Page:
How to help your child if something goes wrong online



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From sexting and gaming addiction to self-harm and upsetting content, how you respond to your child will make all the difference in the long term.

Just like real-life, the digital world presents children with challenges to overcome. Young people are likely to run into trouble at some point, but the good news is that it’s not a catastrophe. These bumps in the road can help your child reflect on their experience and become more resilient.

What’s crucial is the way parents respond, so it’s helpful to consider these three steps if your child runs into problems:


1. Know – find out exactly what the problem is.

2. React – in a way that lets your child explain their situation openly and feel able to tell their side of the story.

3. Recover – pass on the learnings from the experience to help your child make better decisions.

What to do if… your child has been sexting

Know: Sending or receiving sexual images to or from a child is illegal – but context and common sense are important. Schools and police forces have guidance that allows them to consider the context and your child’s best interests when dealing with these incidents.

React: Stay calm. Your child might feel embarrassed and worried, so however tempting it is to get cross, it’s important to remain composed and provide reassurance. If you can, find out where these images exist and try to have them removed and deleted. NCA-CEOP has created a guide that can help you. 

Recover: Decide who else should be informed and then take practical steps to limit any negative impact. It’s important in time to speak to your child about what happened and help them to understand that sending images like this can put them at risk. 

You can find further information about sexting on the Thinkuknow website.

What to do if… your child has seen upsetting content online

Know: Children of any age can find things online that upset, confuse or worry them. This can lead to a whole barrage of questions about anything from an offensive video to pornographic images and violence.

React: Take your lead from them: ask them to explain what they’ve seen, and how they found it. They will have questions, so offer straightforward, honest answers (while being careful not to overwhelm them with too much information) to help them deal with whatever has upset them. If you are unsure how to respond, sites like Parent Info can provide additional advice.

Recover: Leave the conversation open and reassure your child that they can come back to you if they have further questions or concerns.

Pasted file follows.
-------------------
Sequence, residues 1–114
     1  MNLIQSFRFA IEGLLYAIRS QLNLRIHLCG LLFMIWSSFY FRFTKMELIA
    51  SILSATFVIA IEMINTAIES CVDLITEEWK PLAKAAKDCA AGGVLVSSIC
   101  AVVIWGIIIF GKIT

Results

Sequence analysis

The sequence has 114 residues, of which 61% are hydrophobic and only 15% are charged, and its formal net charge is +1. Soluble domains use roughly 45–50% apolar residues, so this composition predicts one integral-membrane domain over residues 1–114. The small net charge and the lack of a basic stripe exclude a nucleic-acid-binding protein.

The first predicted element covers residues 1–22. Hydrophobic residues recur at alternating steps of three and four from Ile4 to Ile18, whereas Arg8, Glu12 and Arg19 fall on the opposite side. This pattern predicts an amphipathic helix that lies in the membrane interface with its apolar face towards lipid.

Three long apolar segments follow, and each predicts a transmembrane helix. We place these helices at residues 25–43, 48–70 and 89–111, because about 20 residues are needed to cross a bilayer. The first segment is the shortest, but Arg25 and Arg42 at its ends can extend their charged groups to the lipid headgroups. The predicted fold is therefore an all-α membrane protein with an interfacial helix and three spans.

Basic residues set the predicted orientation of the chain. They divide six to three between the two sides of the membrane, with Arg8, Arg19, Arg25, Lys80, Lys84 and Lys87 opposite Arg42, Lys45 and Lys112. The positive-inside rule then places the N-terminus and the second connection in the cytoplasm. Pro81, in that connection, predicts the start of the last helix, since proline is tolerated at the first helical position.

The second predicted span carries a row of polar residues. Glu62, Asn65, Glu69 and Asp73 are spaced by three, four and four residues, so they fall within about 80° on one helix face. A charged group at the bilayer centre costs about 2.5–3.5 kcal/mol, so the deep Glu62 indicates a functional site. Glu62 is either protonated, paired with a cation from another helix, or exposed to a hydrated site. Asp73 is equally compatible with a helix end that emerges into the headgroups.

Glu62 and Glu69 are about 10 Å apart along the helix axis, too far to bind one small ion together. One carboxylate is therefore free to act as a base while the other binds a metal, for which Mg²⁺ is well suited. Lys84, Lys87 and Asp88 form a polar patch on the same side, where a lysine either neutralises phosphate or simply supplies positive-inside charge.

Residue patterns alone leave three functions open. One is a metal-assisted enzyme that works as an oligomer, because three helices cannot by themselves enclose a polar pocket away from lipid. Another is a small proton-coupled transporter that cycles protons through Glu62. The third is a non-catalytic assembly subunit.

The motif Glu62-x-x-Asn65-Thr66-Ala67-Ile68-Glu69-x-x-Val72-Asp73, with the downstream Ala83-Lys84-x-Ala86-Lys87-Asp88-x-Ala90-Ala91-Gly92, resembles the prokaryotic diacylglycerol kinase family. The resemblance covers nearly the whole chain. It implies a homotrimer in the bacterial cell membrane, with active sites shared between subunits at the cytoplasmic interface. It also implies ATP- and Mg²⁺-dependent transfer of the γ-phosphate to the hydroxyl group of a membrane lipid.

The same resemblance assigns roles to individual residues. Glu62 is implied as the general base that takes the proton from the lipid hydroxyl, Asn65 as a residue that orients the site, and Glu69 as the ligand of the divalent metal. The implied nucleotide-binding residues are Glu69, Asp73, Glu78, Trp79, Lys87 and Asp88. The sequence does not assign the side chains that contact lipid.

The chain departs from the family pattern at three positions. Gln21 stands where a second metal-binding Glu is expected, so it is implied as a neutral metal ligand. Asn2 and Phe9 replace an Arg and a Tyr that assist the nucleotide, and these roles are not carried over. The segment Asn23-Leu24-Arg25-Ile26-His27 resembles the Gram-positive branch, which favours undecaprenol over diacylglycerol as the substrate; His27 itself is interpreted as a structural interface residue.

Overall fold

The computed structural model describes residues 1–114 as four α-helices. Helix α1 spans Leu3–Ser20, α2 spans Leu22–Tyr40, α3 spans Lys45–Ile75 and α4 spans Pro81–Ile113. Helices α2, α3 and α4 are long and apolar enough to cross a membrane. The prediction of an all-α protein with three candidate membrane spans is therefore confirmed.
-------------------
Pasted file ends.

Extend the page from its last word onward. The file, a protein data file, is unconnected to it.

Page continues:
What to do if… your child has been self-harming

Know: ‘Deliberate self-harm’ can take many forms, from fairly minor injuries to deliberate burning or cutting of skin. It usually occurs in response to feelings of distress, anxiety or lack of confidence, but can also be connected to other mental health problems.

React: Discovering your child has self-harmed can spark a range of difficult emotions for a parent to deal with – but it is important to stay calm. Give your support and offer a chance to talk, but don’t pressurise them with too many questions. Ask if there are any issues or online activities that are upsetting your child and, if so, help them find a solution.

Recover: Many children find their own solutions to their distress or self-harm issues, and some confide in friends, teachers or school counsellors. It’s therefore important to have regular conversations with your child about their mood, feelings and online activities.

Samaritans report that self-harm is the main reason people use their text messaging service. Anyone can send an SMS text message to Samaritans on 07725 90 90 90.

What to do if… you think your child is addicted to gaming

Know: Online games can be addictive, especially immersive multiplayer games where there is no ‘pause’ option and therefore no natural point to take a break. The good news is that even if your child shows signs they’re addicted, adverse effects are relatively minor and can normally be sorted quickly.

React: Consider if and how gaming is affecting your child. Is it affecting schoolwork, mood, sleep and/or social/sporting hobbies? Are they playing every day and for long periods (3+ hours at a time)? If the answer to these is yes, it’s time to look for ways to help your child cut down.

Recover: Create patterns that allow your child to continue playing what they enjoy, but in moderation. Maybe make a deal where they can play for 2 hours once their homework is done. Encourage them to play in groups, take regular breaks and to keep up sports or other hobbies. 

Read more about gaming addiction on the Parent Zone website.


This article is by Parent Zone, the experts in digital life.